The Future Histories Project is a generative art making process which uses collecting as a methodology for creating moments of questioning while exploring the nature of objects and their ability to embody history. The project involves visiting second-hand bookstores and searching for books where something was forgotten inside by the donor. To date I have unearthed 438 makeshift bookmarks discarded inside 362 books. The items I discover vary from photos, thank you notes and bank statements to honeymoon postcards, recipes, boarding passes and pressed flowers.
Relying on a combination of chance and structure, The Future Histories Project acts as an idea generating mechanism. Rather than viewing the value and meaning of each book and item as fixed, their discovery is an opportunity for me to explore different themes and concepts. I wish to examine how far I can push my responses to the original found objects while still maintaining a connection to them. The various works produced while undertaking The Future Histories Project are not tied to a single medium. They include textiles, video, text, photography, painting or sculpture depending on the particular book or item I am responding to.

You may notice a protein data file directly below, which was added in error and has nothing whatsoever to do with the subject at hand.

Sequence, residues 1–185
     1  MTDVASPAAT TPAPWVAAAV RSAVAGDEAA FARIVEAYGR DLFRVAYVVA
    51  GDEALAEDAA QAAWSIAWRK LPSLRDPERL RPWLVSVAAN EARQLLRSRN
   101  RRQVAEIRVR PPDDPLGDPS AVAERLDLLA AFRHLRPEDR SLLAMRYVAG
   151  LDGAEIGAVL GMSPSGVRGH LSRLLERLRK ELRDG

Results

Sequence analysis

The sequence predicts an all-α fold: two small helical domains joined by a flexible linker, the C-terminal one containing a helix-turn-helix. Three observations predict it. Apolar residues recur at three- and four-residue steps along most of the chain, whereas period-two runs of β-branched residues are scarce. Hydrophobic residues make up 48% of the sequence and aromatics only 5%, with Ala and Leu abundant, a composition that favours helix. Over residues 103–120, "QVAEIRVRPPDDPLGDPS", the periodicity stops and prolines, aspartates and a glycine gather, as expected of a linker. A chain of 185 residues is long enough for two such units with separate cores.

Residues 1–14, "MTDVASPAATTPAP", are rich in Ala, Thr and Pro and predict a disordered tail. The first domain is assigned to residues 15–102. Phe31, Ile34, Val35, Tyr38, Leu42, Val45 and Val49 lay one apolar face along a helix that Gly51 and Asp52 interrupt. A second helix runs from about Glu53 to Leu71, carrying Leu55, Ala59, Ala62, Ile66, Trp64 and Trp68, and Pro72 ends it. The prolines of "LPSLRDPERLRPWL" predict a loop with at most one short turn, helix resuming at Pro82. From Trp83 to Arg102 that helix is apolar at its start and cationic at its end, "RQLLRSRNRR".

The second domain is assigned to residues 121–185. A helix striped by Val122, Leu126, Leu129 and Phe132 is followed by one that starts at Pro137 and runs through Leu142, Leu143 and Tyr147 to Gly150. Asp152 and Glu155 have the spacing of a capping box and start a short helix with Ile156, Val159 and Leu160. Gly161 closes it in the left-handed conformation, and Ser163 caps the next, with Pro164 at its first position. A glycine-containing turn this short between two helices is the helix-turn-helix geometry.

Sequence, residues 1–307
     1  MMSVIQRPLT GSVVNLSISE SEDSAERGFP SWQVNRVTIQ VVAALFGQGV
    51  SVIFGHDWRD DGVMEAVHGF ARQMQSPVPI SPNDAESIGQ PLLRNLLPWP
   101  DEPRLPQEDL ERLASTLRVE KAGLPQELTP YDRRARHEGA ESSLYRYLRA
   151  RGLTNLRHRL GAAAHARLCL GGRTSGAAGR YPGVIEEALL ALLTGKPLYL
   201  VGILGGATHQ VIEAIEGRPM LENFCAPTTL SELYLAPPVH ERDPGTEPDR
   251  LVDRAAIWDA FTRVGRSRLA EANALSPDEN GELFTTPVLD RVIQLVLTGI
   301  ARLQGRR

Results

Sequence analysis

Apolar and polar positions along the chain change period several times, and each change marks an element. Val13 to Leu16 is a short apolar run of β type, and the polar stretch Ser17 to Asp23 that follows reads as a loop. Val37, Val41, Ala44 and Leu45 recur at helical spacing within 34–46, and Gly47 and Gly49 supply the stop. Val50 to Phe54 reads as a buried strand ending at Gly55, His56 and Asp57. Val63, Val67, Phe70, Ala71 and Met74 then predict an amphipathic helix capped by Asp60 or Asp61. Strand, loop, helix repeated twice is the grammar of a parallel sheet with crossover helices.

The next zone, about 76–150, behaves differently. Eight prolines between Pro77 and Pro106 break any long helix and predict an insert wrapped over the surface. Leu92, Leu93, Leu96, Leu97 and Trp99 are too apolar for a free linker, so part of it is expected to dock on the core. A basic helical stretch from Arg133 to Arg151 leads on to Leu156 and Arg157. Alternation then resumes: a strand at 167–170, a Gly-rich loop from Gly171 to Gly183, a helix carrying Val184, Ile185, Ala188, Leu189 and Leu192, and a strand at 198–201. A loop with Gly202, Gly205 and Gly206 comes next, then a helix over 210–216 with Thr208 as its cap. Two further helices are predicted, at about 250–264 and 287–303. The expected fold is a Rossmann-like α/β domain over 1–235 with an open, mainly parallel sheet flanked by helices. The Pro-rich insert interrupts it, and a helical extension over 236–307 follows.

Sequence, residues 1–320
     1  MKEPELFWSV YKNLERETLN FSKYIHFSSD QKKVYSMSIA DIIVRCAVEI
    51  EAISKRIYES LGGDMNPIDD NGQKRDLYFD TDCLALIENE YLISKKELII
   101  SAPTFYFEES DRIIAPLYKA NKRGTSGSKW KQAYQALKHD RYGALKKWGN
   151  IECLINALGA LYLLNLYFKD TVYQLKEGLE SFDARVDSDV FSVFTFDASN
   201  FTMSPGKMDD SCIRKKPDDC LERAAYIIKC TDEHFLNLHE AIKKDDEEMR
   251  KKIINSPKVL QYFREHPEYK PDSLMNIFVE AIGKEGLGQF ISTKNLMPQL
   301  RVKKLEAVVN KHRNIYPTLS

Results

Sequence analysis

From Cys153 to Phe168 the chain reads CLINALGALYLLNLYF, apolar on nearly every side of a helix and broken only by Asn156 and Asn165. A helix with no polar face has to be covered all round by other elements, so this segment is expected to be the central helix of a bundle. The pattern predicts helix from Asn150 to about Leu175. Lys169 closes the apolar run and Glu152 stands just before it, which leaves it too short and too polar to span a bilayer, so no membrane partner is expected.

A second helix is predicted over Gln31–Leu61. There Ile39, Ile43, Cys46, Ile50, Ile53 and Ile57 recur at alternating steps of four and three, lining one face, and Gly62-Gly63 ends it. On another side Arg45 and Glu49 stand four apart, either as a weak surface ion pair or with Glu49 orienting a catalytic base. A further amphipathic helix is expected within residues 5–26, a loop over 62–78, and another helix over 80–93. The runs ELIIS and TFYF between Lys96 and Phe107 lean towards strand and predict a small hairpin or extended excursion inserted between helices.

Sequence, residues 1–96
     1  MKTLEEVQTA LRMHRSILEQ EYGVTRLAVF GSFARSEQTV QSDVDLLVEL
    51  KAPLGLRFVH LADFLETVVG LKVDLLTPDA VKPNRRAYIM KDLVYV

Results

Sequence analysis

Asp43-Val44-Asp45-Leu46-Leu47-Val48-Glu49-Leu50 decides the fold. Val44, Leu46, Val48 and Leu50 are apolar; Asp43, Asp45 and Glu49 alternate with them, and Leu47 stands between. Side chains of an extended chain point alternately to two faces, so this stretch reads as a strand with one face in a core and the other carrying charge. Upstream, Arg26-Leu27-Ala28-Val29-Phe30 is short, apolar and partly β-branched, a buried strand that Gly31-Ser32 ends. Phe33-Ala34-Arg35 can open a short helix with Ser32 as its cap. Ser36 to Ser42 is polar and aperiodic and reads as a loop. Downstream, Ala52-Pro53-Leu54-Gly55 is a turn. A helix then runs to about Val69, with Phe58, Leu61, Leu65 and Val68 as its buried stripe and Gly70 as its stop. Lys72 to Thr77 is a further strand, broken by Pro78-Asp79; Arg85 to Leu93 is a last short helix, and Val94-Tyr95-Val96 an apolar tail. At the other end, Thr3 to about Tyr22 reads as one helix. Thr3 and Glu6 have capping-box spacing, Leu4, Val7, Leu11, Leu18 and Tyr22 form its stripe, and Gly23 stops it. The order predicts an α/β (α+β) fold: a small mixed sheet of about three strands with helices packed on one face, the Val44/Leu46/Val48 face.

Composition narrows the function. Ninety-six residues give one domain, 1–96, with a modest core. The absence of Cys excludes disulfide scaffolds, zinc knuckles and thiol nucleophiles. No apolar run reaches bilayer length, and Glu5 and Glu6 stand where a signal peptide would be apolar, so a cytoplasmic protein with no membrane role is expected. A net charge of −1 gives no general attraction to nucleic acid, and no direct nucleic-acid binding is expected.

Leonie Leivenzon (she/her)
Aboriginal and Torres Strait Islander viewers are warned that the following may contain images, works and practices of deceased persons. No offence is intended, and I pay my sincere respects to those people who have passed.
Acknowledgement of Country
I wish to acknowledge the Traditional Custodians of the place I call home from whom sovereignty has never been ceded. In particular I recognise Boonwurrung people of the Kulin Nations as the Traditional Owners and Custodians of Country on which I work and live. I recognise their long standing and continuing connection to Country, waters and community and pay my respects to them and their cultures and to Elders past, present and emerging. I acknowledge that I have lived my much of my life in ignorance of the rich culture and diversity of the peoples of the First Nations. While I continue to be ignorant of much of the great knowledge, understanding and spirituality of Indigenous peoples, I hope, with respect, to continue to learn and I give thanks for their willingness to help me learn. I wish also to acknowledge the great trauma and pain suffered by Indigenous peoples through the invasion of their lands and that my family and I have benefited as a result of this brutality. I humbly offer my personal apology and I hope that together and with mutual respect we can acknowledge and address the trauma brought on by colonisation and build a better future.